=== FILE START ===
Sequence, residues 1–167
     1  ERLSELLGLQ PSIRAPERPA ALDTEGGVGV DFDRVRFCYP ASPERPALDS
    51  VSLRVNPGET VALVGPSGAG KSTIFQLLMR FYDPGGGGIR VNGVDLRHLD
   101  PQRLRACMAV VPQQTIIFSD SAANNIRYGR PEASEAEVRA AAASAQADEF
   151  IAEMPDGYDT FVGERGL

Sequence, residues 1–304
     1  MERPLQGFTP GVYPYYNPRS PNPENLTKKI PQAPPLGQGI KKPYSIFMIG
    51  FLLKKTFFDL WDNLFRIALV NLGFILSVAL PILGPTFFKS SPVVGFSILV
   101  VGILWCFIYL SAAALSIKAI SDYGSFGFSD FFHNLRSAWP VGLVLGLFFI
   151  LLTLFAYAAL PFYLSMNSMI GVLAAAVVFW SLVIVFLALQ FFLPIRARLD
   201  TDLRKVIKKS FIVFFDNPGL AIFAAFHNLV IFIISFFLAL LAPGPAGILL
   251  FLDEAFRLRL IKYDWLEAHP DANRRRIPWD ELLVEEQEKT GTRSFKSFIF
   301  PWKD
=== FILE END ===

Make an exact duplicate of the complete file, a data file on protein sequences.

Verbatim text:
Sequence, residues 1–167
     1  ERLSELLGLQ PSIRAPERPA ALDTEGGVGV DFDRVRFCYP ASPERPALDS
    51  VSLRVNPGET VALVGPSGAG KSTIFQLLMR FYDPGGGGIR VNGVDLRHLD
   101  PQRLRACMAV VPQQTIIFSD SAANNIRYGR PEASEAEVRA AAASAQADEF
   151  IAEMPDGYDT FVGERGL

Sequence, residues 1–304
     1  MERPLQGFTP GVYPYYNPRS PNPENLTKKI PQAPPLGQGI KKPYSIFMIG
    51  FLLKKTFFDL WDNLFRIALV NLGFILSVAL PILGPTFFKS SPVVGFSILV
   101  VGILWCFIYL SAAALSIKAI SDYGSFGFSD FFHNLRSAWP VGLVLGLFFI
   151  LLTLFAYAAL PFYLSMNSMI GVLAAAVVFW SLVIVFLALQ FFLPIRARLD
   201  TDLRKVIKKS FIVFFDNPGL AIFAAFHNLV IFIISFFLAL LAPGPAGILL
   251  FLDEAFRLRL IKYDWLEAHP DANRRRIPWD ELLVEEQEKT GTRSFKSFIF
   301  PWKD